Speaking of school, this article is spot on. Here's the opening gambit, and it should make you read the whole article:
The most damaging thing you learned in school wasn't something you learned in any specific class. It was learning to get good grades.He's right. By the way, the title of the article is "The Lesson to Unlearn." And speaking of unlearning, maybe libraries need to unlearn charging fines. Take a look at this article. Summary: Less fines equals more use. Kind of like grace versus law : )
When I was in college, a particularly earnest philosophy grad student once told me that he never cared what grade he got in a class, only what he learned in it. This stuck in my mind because it was the only time I ever heard anyone say such a thing.
Shifting gears a bit, worried about fragmentation of society? Seems like everyone is today. I've run across a few articles this week along those lines. Here is this:
So, how should kingdom people in America respond to this social fragmentation. First, if any aspect of your essential well-being is anchored in the well-being of America, or any other nation, I’m afraid you’re going to be anxious, frustrated and disappointed. A wiser course of action would be to divest yourself of all hope in America and all other nations of the world, and instead anchor your well-being in the only King and Kingdom that you have reason to believe will last forever.And Jim E. sent me this one this morning:
We Americans are locked in political combat and focused on President Trump, but there is a cancer gnawing at the nation that predates Trump and is larger than him. Suicides are at their highest rate since World War II; one child in seven is living with a parent suffering from substance abuse; a baby is born every 15 minutes after prenatal exposure to opioids; America is slipping as a great power.And it goes on. Good stuff; do read it.
We have deep structural problems that have been a half century in the making, under both political parties, and that are often transmitted from generation to generation. Only in America has life expectancy now fallen three years in a row, for the first time in a century, because of “deaths of despair.”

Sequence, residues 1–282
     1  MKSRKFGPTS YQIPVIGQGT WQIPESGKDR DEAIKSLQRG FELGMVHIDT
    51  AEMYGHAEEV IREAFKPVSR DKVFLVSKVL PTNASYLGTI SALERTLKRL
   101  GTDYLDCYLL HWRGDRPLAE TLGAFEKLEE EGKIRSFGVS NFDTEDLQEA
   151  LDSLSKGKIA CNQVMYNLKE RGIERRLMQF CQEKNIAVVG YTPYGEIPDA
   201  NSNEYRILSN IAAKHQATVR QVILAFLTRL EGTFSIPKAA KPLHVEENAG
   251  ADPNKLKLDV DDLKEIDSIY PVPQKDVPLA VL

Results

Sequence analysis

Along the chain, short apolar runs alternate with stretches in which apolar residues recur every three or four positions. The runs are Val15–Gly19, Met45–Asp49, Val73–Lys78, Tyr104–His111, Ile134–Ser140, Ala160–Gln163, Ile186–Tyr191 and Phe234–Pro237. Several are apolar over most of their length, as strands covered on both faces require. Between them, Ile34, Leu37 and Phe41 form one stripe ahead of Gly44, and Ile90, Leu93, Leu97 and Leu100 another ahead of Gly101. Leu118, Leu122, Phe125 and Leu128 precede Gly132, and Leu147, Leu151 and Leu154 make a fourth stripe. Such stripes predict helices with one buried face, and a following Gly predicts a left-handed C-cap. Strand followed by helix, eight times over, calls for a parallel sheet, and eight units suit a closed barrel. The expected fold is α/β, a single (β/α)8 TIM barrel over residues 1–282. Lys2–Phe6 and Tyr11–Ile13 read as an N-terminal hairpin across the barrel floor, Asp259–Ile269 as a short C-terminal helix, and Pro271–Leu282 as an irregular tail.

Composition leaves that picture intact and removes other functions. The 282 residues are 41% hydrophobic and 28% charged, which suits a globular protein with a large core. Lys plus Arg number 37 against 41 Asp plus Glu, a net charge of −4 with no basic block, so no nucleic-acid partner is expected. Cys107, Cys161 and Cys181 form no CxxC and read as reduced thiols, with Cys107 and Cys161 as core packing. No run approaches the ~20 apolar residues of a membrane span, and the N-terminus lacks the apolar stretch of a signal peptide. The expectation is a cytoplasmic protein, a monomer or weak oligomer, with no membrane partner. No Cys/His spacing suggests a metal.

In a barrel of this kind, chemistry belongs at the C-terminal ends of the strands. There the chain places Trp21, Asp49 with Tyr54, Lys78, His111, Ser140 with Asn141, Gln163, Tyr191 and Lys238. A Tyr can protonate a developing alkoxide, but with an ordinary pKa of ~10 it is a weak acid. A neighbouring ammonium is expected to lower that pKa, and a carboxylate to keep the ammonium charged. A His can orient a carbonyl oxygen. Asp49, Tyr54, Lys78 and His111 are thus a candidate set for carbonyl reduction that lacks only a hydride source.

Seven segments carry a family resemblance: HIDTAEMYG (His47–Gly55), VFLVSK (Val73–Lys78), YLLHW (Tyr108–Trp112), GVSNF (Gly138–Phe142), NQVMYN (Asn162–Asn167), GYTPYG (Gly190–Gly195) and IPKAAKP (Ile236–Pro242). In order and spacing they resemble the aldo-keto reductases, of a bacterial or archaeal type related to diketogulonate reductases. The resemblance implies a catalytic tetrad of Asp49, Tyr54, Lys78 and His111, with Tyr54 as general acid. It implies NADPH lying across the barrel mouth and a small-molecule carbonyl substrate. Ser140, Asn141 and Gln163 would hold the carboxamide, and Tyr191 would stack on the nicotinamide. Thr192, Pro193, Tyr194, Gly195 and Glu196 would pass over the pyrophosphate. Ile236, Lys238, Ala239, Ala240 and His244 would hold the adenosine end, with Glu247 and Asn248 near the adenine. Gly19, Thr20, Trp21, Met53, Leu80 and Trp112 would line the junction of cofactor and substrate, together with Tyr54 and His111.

“The meaningfulness of the working-class life seems to have evaporated,” Angus Deaton, the Nobel Prize-winning economist, told us. “The economy just seems to have stopped delivering for these people.” Deaton and the economist Anne Case, who is also his wife, coined the term “deaths of despair” to describe the surge of mortality from alcohol, drugs and suicide.
Here's an interesting repost from over 100 years ago. Small snippet of prophetic stuff:
Many of us believe that our nation has a peculiar mission to restore peace. Nothing is so likely to tamper with our judicial qualities, to undermine the confidence of other nations in our sincere friendship, and thus to frustrate that mission of peace, as the growth of these war interests. They will create an American “war party.” When the foreign market fails, they will turn to the home market, and we shall feel their influence in the demand for American militarism.Anybody care to deny that's what's going on? I didn't think so—especially since 9/11/2001.
In even less encouraging news, the United Methodist Church has decided to acknowledge that they are anything but united (and haven't been since probably the mid-1970s). This article is probably the best summary of the situation I've read. Most other ones either don't grasp the depth and length of the problem, or ignore it to score culture war points. Sad; it was my denomination growing up and well into my late 30s.
How about some theology? Roger Olson takes on Greg Boyd and others who deny substitutionary atonement. I agree with Roger; you can't have full reconciliation without substitutionary atonement, but not the popularly defined version of penal substitution! A good book to read is Scot McKnight's A Community Called Atonement. I can't recommend it highly enough.
Concerned about the Middle East? Take a look at a guest post on Ron Sider's blog. Amen and amen.
Two final posts here. One on a professor taking a stand on transgender studies. The other, it appears that in France after generations of looking the other way about underage sexual exploitation, the women are speaking up. A well-known French author is being held accountable and the laws are being enforced and tightened. Interesting world we live in, isn't it?